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Marrying Into Prison: Thoughts on The Golden Cangue


love in a fallen city
(Via Goodreads)

The Golden Cangue (1943)

By Eileen Chang

If you don’t know what a cangue is, it’s basically a piece of equipment used for punishment or public humiliation in East and Southeast Asia. However, the fact that it’s “golden” suggests that it’s a specific torture device for someone of wealth and status. In other words, it’s like a billionaire or celebrity who is in prison but gets treated at a high-class jail cell.  In The Golden Cangue, Ch’i’ch’iao is the person entrapped in the golden cangue by the Chiang household. However, she also imprisoned her children in a golden cangue.

The story focuses on the life of a widower, Ch’i’ch’iao. She married the disabled Second Son of the Chiang family. She now waits for her inheritance after both her husband and mother-in-law passed away. She ends up getting the shorter end of the stick: she didn’t receive an inheritance due to the fact that her husband owes so much money. Later on, her brother-in-law, Third Master Chi-tse visits Ch’i’ch’iao and confesses his love for her. However, Chi-tse does this so that he can receive money from her through a property transaction. Ch’i’ch’iao was able to see through his lies and angrily declines his confession.

Ch’i’ch’iao holds great resentment towards the Chiang family, and so her anger causes a strain in her relationship with her children. Due to her obsession that someone is after her money, she ends up ruining her children’s relationships. For example, when Chang-pai gets married to Chih-sou, Ch’i’ch’iao gets jealous of their marriage and Chih-sou’s charming, feminine persona. As a result, Ch’i’ch’iao manipulates her son into revealing their secrets and shares those stories to the rest of the family. Also, Ch’i’ch’iao influences her son to smoke opium with her and encourages him to get a concubine. Chang-pai distances himself from his wife, Chih-sou, and he eventually ends up having a son with his concubine which leads Chih-sou to commit suicide.

As for her daughter, Chang-an, Ch’i’ch’iao forces Chang-an to attend private school, but Chang-an quits school due to feeling embarrassed over her mother’s public outbursts. Ch’i’ch’iao also intervenes in Chang-an’s marriage prospects. When Chang-an was engaged to T’uang Shih-fang, Chang-an called off the engagement because Ch’i’ch’iao guilt-tripped her into believing that she made so many sacrifices for Chang-an and now Chang-an is going to leave after getting married. Chang-an feels ashamed and embarrassed by her mother, and so, she realizes that she doesn’t want Shih-fang to get involved with her dysfunctional family. So she breaks off the engagement.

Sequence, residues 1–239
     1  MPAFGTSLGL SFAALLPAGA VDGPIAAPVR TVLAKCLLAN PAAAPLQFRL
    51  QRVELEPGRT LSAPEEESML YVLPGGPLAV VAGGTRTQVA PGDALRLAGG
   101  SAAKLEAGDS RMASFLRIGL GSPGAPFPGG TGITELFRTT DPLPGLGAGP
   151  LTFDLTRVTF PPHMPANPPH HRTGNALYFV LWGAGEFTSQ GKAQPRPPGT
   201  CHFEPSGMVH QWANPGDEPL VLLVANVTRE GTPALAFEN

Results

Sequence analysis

Ch’i’ch’iao is a controversial character. Her madness and obsession over money are due to the fact that she was forced into a marriage that she didn’t want to be in. It was either get married to a disabled man or become a concubine. Although she escaped the concubine lifestyle, she had limited freedom as a wife. Yet she refuses to remain compliant with her living situation and so, she criticizes and ridicules the Chiang family whenever she can. Yet, the patriarchy and traditional views of women remained strong throughout Ch’i’ch’iao’s life and has affected her physically and mentally.

In order to cope with the Chiang family, Ch’i’ch’iao resorted to smoking opium and also got her children hooked on it too. Her depression and addiction caused her to have an estranged relationship with her children. In fact, her lack of trust has led her to destroy her connections with her family and her children’s relationships. As a result, her children have great hostility towards her. However, it was revealed that Ch’i’ch’iao  didn’t want to act this way, and the narrator suggests that if she had a different husband, she would be able to live a happier life: “To say that they liked her perhaps only means that they liked to fool around with her; but if she had chosen one of these, it was very likely that her man would have shown some real love as years went by and children were born” (234). If Ch’i’ch’iao was raised in a much more loving and supporting environment, she would have a different attitude about love and relationships. Yet, as a reader, you may feel that a sad past doesn’t justify her mistreatment towards her children. Ch’i’ch’iao was paranoid about someone stealing her property and money, talked ill about the Chiang family, and neglected to care for her children. Ch’i’ch’iao shows resilience against the environment she lived in, but her hostile actions and bitter attitude invite a reader to lack empathy for her.

Overall,  The Golden Cangue focused on the drama of a wealthy family, particularly the life of Ch’i’ch’iao. She is filled with hatred and jealousy towards the Chiang family which leads to her having a sad life.


Works Cited

Chang, Eileen. “The Golden Cangue.” Love in a Fallen City. Trans. Karen S. Kingsbury. New York Review Books, 2007, pp. 171-234.

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